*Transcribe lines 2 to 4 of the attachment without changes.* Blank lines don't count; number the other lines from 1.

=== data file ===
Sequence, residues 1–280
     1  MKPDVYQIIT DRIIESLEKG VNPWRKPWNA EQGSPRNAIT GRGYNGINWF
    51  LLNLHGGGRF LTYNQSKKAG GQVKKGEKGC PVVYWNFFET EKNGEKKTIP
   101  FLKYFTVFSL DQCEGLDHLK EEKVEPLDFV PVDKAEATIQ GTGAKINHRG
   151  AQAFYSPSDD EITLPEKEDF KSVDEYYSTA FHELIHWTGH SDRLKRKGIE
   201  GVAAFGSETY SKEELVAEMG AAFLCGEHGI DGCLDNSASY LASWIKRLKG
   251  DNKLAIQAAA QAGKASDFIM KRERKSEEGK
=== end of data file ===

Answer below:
     1  MKPDVYQIIT DRIIESLEKG VNPWRKPWNA EQGSPRNAIT GRGYNGINWF
    51  LLNLHGGGRF LTYNQSKKAG GQVKKGEKGC PVVYWNFFET EKNGEKKTIP
   101  FLKYFTVFSL DQCEGLDHLK EEKVEPLDFV PVDKAEATIQ GTGAKINHRG